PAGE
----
Driving in Panama City is absolutely CRAZY so it is really better to NOT try to drive in Panama City. Hire an Uber or a taxi to get around in Panama City. The public transportation system is easy to use too.
But driving in the rest of Panama is easy… if you follow the rules and know what to expect.
When driving in Panama, you should always carry your passport (or Panama cedula if you have one) and your driver’s license. You cannot get a Panama driver’s license until you get a residency Visa.
Throughout Panama there will be immigration or police check points. If you encounter a check point, they may just wave you through. But usually, they will want to see your passport and driver’s license. They will check the entry stamp on your passport to verify that you are not in Panama illegally. Even though tourist can stay in Panama 6 months, you can only drive on a foreign driver’s license for 3 months. (It’s a crazy law, but it is the law)
They may also ask to see your auto registration documents and valid insurance. If you are renting a car, check the insurance documents in the glove box to make sure they are current before you take the car on the road.
The PanAmerican Highway and some other roads will have no U-Turn signs. You’ll need to go to a “Retorno” place to turn around. There is usually a retorno, just down the road. It’s a $75 fine to do a U-Turn on the PanAmerican Highway (ask me how I know :-).
• The minimum age for drivers is 18;
• You must drive on the right side of the road;
• You must keep the following documents on your person or inside the car at all times: your passport or cedula, your valid driver’s license, vehicle registration, insurance papers, accident report form, Rules of the Road book.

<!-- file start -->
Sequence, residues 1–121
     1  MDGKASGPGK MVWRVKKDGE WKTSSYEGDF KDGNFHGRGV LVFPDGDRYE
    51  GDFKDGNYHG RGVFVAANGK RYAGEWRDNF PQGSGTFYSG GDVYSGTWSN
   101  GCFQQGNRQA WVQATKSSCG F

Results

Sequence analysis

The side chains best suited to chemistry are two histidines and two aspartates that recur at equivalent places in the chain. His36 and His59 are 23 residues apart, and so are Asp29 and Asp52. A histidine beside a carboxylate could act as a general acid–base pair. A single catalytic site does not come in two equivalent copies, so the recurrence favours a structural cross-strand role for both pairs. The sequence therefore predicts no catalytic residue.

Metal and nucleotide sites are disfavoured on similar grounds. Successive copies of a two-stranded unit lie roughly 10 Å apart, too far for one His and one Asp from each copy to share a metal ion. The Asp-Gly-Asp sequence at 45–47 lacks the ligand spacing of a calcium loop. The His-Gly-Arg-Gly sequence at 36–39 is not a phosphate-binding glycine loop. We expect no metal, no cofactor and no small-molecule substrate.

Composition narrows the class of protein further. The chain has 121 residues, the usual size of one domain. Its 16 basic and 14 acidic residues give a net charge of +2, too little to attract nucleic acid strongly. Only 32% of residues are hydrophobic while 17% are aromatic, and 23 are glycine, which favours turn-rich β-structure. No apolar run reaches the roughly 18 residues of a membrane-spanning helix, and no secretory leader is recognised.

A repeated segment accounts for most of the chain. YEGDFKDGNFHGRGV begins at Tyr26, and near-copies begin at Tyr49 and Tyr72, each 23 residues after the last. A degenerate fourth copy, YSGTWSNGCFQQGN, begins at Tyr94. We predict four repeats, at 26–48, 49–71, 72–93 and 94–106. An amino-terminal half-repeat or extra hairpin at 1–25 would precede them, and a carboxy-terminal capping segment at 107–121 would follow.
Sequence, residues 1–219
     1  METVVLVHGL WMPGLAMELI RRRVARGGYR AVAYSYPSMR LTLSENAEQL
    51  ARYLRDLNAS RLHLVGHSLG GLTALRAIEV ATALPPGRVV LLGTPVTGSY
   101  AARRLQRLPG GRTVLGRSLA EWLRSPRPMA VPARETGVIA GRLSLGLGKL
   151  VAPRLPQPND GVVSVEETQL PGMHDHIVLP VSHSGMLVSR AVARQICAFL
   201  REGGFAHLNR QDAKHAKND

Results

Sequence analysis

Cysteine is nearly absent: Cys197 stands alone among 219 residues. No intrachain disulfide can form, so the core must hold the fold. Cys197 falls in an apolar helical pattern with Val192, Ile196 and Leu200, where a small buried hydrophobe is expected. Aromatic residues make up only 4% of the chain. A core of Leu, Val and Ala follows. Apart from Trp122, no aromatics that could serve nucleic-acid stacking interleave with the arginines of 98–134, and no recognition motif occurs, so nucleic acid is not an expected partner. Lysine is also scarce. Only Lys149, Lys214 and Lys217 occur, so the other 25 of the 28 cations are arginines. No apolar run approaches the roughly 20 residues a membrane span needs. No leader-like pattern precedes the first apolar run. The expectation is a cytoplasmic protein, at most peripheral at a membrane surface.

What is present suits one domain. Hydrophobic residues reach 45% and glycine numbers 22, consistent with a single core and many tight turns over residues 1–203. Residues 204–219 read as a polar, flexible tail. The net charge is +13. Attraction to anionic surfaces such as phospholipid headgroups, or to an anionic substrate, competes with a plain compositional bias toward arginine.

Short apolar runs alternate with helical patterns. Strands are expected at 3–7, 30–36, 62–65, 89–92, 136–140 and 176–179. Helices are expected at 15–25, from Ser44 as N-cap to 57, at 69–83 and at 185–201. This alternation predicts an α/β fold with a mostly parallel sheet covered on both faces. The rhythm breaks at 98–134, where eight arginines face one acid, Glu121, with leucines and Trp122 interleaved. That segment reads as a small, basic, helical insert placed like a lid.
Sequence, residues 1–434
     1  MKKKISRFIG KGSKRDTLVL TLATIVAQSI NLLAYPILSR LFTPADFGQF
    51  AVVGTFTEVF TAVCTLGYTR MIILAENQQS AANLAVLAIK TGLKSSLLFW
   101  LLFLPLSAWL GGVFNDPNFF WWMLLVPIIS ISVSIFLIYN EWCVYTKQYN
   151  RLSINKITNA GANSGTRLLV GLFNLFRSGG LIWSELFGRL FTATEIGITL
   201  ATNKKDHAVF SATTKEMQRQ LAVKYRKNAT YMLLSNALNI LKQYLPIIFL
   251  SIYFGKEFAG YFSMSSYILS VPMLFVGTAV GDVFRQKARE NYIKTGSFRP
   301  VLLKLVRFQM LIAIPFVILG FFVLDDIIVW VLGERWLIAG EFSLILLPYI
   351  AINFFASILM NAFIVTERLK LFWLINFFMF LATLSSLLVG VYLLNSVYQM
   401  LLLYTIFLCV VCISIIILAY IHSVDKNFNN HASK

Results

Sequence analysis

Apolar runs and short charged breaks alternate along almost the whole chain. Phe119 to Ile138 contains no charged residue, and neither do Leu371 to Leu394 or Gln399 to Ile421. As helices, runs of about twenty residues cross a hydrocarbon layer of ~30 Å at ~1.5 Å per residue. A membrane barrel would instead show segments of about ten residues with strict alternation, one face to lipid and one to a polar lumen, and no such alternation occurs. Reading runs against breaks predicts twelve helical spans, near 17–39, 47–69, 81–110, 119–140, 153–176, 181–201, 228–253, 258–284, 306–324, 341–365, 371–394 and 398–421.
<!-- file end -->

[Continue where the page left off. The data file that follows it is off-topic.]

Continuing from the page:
• It is prohibited to be use a cell phone while driving.
• Seat belts must be worn by everyone in the front seat
• Children under 5 years old must be seated in a special car seat in the rear.
If you get a traffic ticket, it must be paid within 48 hours in the province where you got the ticket.
Sometimes a police officer will suggest that you can “work things out” on the spot instead of getting a ticket (aka bribe). It is illegal for them to ask and illegal for you to participate so be very cautious about paying a bribe because it could be a set up.
When you’re driving on rural roads and want to pass someone, it is common to toot your horn so they know you are coming around. If there is a solid yellow line, it is a “no passing” zone.
TOLL ROADS IN PANAMA
Most of Panama’s roads are very good, especially compared to other Latin American countries. There is only one main road that goes East-West across country, called the InterAmerican Highway or the PanAmerican Highway which goes to the Costa Rica border and about 2 hours East of Panama City near the Darien Province. There is no road that connects Panama with Colombia. There is no toll to use the PanAmerican Highway in the interior of Panama.
In Panama City there are toll roads called the Corredor Sur and Corredor Norte but outside of Panama City there are no toll roads.
PANAMA SPEED LIMITS
The maximum speed limit is Panama is 100km (60 miles an hour). As you are driving in to a town, the speed limit will be reduced to 80km or 60km or less. All road signs, speed limits, and most car odometers are in Kilometers. Panama is very strict about speeding. Don’t do it!
Along the PanAmerican Highway, and other areas, there will be traffic police on small motorcycles to monitor traffic and watch out for speeders. They sometimes use a radar gun. If they think you are speeding, they will motion for you to pull over. You should pull over. They will not go chasing after you unless you do not pull over or unless you are driving really crazy.